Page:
In the old days, people accused of dumping had to say that they were selling at a price lower than that at which they had bought. Nowadays, however, the Commission can fix what it calls "a normal price". Hon. Members may ask, "What is a normal price?". The Commission told a firm in my constituency that it was selling below the normal price, but when the firm asked what was meant by a normal price no explanation was given. Firms are entitled to no information whatever.

This is the kind of thing that used to happen in the old days before there was a Parliament or a democracy : officials would decide fines and would tell people what they could and could not do. They would announce that they were entering the premises. Some of my hon. Friends will say that I am covering old ground, but this is new ground. What we are deciding is within a new framework, a new kind of democracy.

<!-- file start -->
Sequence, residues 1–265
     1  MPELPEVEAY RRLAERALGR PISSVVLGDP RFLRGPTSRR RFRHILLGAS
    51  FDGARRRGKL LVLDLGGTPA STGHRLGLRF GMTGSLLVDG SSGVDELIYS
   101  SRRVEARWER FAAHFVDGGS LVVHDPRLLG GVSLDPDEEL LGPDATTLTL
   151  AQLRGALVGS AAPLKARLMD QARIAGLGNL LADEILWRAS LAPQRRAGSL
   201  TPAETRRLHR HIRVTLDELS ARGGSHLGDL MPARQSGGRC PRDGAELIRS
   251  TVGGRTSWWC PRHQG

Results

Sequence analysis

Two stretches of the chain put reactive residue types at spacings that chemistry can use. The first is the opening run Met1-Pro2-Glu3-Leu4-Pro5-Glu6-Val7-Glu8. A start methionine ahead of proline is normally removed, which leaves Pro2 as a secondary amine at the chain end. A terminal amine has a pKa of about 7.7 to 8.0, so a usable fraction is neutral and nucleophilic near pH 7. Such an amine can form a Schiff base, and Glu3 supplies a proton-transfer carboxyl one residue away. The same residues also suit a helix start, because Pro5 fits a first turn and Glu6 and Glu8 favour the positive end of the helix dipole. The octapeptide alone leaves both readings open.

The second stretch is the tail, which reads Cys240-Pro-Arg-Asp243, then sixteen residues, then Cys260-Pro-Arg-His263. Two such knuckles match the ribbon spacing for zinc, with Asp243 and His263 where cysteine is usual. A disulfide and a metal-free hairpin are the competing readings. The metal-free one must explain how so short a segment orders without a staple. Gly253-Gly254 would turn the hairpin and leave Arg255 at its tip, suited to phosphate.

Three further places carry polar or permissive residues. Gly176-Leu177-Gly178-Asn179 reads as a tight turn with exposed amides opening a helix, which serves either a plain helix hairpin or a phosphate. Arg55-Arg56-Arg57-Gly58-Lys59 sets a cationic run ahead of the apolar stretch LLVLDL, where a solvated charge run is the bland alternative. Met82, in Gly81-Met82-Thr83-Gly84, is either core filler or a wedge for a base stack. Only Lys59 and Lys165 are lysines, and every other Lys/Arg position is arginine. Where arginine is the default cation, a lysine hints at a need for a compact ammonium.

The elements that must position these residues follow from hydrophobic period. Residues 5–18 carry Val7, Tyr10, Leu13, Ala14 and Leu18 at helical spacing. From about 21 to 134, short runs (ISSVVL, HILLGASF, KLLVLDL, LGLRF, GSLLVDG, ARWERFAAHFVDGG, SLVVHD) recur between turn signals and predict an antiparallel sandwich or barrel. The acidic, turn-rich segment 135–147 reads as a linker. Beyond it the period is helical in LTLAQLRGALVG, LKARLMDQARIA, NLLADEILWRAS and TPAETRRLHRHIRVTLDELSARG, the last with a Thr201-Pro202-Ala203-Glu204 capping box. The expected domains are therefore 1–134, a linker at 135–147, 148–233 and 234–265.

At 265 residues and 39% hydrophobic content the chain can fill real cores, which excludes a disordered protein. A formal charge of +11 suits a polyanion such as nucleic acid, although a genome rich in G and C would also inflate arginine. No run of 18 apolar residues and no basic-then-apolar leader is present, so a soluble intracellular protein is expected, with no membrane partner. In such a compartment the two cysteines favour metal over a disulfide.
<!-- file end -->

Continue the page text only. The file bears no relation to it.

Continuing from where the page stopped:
I am sorry about the direction in which the Labour party is going. I used to think that, although we disagreed politically, the Labour party fought for the individual, for liberty and for democracy ; that it fought for the people and against the big battalions. Now our democracy is experiencing a dramatic change : the Commission is

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making decisions, imposing fines and defining normal prices, without having to give a reason. I think that that is wrong, but whether it is right, wrong or--as I am sure my hon. Friend the Minister would argue--does not matter, I think that firms are entitled to know what is going on. I hope, therefore, that when he winds up my hon. Friend will say that he will publish a little booklet explaining how the new European arrangements will affect mergers. I know that most people do not worry about it, but I think that the majority of business men will be shocked, horrified and worried, and that all who care about democracy and freedom would feel sick at what is happening tonight

11.58 pm